Sharks by the Pool
Swains, Howard, The Independent (London, England)
How poker found a hot new home A decade after the online gambling boom began, it's still going strong. By Howard Swains in Nassau
Late on Sunday night on Paradise Island in the Bahamas, long after the January sun had dipped beneath the pinky-orange towers of the sprawling Atlantis resort, a 27-year-old Bulgarian named Dimitar Danchev won the best part of $1.9m (1.2m)in a poker tournament. The following night, a 28-year-old Yale law graduate named Vanessa Selbst won $1.4m (900,000) and a week earlier, Scott Seiver, 27, won a little more than $2m (1.25m), also playing poker at Atlantis.
Danchev, Selbst and Seiver were the champions of the three flagship events of the PokerStars Caribbean Adventure (PCA), the second-largest poker festival in the world, and the biggest outside of Las Vegas. The PCA has been held annually in the Bahamas since 2004 and celebrated its 10th birthday this year, offering five prizes of more than a million dollars to its biggest winners.
The festival has spanned almost precisely the first 10 years of the so-called poker boom, ignited in 2003 when an accountant from Tennessee named Chris Moneymaker won $2.5m (1.6m) at the World Series of Poker, the most prestigious event in the world. Moneymaker had qualified for $40 (25) playing online, and his unlikely success, coupled with a tremendously appropriate name, convinced anyone with an internet connection they too could become a world champion - a notion the online poker operators did everything they could to encourage.
The game underwent an unprecedented boom over the past decade and there are countless major poker festivals every year in the post- Moneymaker era. This year's PCA featured 40 tournaments contested across 10 days, the largest of which attracted 987 players and had a total prize pool of roughly $9.6m (6.5m).
However online poker has been subject to some high-profile scandals of late, including indictments of company executives by the FBI, which resulted in the large-scale withdrawal of the online game from the American market. Its future had seemed imperilled; the previously unstoppable poker juggernaut had apparently been halted.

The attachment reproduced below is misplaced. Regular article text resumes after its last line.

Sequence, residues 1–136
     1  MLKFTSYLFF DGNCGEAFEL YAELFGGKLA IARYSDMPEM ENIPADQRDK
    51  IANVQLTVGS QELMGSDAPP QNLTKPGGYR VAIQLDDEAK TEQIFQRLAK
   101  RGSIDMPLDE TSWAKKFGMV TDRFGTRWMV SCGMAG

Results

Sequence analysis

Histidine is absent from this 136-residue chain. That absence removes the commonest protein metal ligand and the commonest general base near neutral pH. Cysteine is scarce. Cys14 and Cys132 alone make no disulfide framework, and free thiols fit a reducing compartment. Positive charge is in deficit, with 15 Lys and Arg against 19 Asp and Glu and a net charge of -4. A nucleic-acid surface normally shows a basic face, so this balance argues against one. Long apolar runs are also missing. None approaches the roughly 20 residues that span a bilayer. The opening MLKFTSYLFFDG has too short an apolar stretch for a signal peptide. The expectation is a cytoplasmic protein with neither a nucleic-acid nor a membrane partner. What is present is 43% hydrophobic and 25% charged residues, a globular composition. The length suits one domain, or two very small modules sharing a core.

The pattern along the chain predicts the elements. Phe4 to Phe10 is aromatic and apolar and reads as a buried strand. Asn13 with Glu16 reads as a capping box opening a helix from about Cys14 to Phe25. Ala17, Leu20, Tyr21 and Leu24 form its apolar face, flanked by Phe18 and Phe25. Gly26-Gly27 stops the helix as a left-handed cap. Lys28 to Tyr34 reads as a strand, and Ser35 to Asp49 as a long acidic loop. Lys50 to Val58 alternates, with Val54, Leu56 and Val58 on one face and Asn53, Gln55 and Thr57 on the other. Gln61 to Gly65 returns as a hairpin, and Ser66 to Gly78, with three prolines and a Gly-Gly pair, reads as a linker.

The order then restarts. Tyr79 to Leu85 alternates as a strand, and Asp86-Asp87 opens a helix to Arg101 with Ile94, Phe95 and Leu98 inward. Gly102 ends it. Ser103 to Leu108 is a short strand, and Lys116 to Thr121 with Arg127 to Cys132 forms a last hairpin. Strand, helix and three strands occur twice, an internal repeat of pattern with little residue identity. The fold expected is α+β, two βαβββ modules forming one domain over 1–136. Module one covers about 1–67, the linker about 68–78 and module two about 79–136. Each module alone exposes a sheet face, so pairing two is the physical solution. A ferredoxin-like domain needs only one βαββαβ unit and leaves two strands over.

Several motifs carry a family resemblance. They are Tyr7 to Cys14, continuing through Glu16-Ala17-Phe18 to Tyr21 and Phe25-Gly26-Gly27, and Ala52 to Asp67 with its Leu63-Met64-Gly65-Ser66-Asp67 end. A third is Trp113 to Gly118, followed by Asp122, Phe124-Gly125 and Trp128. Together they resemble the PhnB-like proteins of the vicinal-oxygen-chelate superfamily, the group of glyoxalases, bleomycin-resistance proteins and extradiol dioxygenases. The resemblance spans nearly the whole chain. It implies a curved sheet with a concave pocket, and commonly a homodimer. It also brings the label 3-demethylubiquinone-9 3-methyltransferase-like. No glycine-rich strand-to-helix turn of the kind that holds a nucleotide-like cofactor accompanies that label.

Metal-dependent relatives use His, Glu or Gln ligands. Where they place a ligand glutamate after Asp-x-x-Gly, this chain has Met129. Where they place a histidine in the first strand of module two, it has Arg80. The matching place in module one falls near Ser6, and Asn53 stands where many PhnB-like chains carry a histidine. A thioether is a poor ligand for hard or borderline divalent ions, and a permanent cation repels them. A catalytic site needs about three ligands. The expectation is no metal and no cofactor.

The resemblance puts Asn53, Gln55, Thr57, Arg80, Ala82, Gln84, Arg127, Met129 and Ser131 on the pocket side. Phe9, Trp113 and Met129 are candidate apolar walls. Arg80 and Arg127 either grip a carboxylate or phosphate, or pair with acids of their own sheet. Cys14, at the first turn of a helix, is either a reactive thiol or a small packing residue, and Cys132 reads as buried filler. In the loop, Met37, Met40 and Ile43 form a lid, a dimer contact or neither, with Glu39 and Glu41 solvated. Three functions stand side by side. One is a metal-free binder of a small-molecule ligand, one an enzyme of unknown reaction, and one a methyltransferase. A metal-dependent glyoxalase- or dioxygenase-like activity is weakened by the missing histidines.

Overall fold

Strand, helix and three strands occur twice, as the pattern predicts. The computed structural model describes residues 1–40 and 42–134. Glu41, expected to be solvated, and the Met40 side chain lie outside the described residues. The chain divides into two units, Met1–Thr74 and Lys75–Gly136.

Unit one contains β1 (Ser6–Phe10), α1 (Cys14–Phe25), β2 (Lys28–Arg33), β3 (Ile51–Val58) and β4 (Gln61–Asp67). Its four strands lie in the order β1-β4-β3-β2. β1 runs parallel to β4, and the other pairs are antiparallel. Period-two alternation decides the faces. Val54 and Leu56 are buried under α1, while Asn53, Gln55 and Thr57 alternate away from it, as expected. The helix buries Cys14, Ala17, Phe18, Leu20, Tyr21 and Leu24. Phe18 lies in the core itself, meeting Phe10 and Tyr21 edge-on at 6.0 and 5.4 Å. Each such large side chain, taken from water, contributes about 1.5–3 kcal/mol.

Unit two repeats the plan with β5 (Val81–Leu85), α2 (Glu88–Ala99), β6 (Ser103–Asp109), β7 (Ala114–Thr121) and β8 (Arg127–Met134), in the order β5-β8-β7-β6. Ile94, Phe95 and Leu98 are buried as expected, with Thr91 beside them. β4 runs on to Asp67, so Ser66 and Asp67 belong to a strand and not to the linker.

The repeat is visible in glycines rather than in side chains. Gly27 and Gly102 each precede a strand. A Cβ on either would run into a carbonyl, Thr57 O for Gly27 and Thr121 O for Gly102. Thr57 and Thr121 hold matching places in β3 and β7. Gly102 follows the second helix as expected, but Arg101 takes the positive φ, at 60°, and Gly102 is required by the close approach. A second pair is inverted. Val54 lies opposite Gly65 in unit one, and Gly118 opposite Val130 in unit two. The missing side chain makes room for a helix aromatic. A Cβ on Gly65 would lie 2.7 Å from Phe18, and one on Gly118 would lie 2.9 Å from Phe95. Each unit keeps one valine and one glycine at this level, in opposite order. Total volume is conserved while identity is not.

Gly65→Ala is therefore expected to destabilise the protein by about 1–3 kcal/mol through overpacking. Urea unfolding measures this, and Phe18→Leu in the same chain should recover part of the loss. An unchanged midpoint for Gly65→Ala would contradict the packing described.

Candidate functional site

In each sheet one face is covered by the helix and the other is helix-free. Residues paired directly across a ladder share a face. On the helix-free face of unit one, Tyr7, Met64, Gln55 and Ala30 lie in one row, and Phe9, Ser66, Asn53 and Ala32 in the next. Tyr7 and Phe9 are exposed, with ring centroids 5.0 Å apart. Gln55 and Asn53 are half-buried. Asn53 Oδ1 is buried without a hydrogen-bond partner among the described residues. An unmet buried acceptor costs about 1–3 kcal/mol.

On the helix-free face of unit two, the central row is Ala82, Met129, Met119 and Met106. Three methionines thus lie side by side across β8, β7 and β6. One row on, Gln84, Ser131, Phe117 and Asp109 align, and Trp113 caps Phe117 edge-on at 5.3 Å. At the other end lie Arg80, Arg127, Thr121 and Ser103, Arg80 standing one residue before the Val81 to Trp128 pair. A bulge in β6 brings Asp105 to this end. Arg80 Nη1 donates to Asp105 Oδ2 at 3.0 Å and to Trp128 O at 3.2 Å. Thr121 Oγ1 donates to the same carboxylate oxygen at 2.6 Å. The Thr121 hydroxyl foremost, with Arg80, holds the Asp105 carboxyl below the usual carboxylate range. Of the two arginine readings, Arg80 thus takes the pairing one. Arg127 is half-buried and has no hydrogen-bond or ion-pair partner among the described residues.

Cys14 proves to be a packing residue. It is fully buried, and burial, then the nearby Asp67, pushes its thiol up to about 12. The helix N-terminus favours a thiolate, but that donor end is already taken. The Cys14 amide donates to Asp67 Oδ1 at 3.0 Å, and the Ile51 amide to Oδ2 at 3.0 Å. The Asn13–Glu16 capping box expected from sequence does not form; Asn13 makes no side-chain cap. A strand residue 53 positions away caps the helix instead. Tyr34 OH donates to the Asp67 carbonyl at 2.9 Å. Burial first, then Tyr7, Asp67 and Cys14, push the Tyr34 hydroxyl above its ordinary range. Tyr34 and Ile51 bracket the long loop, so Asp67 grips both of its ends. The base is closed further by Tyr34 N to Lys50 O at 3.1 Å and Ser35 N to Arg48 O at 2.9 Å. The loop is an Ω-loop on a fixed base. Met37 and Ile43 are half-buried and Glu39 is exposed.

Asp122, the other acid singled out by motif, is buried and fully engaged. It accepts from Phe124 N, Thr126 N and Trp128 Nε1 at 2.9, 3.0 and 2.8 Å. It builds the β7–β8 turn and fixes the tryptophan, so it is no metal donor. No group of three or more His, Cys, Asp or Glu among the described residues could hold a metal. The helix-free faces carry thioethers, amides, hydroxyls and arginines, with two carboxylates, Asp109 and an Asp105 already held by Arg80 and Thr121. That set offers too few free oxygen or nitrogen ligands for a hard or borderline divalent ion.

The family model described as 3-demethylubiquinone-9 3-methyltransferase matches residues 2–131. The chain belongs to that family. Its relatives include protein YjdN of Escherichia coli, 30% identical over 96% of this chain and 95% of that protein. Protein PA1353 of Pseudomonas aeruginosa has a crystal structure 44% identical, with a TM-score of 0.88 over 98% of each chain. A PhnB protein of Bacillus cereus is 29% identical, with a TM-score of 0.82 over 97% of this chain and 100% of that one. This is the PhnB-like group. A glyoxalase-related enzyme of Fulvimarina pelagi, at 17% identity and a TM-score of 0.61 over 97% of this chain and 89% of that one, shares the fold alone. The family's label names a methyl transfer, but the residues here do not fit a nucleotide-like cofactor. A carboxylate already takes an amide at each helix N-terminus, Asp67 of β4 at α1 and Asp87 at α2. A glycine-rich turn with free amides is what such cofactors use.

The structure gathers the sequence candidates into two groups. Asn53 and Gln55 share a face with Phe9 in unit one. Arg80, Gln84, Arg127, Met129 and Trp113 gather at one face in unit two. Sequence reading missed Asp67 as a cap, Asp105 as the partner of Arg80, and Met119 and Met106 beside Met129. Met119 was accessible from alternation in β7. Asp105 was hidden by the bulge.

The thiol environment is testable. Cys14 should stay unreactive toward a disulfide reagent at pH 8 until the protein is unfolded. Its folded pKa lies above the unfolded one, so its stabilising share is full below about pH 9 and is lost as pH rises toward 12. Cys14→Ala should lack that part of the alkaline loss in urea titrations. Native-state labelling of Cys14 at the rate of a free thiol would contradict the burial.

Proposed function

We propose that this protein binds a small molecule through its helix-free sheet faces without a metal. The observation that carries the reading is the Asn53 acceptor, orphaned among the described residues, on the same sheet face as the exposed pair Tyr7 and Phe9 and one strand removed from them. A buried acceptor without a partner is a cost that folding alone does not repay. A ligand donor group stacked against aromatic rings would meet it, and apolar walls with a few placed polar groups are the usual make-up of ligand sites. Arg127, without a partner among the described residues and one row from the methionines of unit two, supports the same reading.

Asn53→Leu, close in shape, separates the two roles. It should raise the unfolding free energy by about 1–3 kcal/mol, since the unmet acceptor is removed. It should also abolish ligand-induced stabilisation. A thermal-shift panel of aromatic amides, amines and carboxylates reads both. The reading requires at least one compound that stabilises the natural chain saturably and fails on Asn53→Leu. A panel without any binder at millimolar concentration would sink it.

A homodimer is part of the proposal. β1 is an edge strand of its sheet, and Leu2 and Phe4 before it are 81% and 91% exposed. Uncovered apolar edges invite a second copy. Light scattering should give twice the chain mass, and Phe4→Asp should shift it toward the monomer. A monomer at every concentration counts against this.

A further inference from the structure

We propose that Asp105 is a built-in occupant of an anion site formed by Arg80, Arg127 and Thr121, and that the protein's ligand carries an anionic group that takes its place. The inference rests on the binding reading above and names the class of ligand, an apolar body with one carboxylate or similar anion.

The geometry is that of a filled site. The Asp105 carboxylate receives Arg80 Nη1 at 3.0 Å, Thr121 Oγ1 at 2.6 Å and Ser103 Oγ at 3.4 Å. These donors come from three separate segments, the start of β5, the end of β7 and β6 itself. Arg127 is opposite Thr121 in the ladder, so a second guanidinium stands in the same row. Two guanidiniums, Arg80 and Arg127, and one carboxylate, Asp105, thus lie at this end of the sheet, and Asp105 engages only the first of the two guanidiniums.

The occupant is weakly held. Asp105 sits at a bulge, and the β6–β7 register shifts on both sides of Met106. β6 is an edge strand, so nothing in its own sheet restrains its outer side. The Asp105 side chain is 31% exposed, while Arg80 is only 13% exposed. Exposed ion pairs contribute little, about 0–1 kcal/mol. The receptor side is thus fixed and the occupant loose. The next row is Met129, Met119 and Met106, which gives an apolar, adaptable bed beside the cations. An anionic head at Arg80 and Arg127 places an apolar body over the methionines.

But it seemed few in the Bahamas last week had got the memo.
In down times at the PCA, the players either gambled among themselves in side games, or glugged cocktails in beach bars, beside yachts, lagoons and dolphin coves. Money rarely seemed to matter to any of them, unless it concerned the logistics of wiring vast sums to their bank accounts, or paying off bets made at restaurant tables as to who would pick up the bill.
The tournament won by Seiver - known as the "Super High Roller" event - cost $100,000 (60,000) just to enter. Forty-seven people - including private equity millionaires, a co-owner of a student loan company and some of the fiercest poker sharks in the world - anted up the money and joined the fray. Greg Jensen, the co-CEO of Bridgewater Associates hedge fund, with estimated earnings of $70m (according to Forbes), finished sixth, won $286,200 (175,000) and donated it to charities supporting the victims of the Sandy Hook school shooting in his native Connecticut.
Meanwhile the American press became fixated on the appearance of the Olympic swimmer Michael Phelps, who played the $10,000 (6,000) "main event" sporting a backwards baseball cap and shaggy black beard - a "hipster" guise that attracted little but disdain. A rumoured appearance by the poker-player turned US-election seer Nate Silver did not materialise, leaving the familiar faces of the international poker circuit to go about their business largely as usual.
"I just can't get that excited when my friends win seven figures anymore, it happens eight to 10 times a year now," tweeted one player named Jonathan Aguiar, with tongue only slightly in cheek.
Post-Moneymaker, online poker sites rapidly became billion dollar concerns, with their branding attached to television shows and live poker tours snaking the globe. …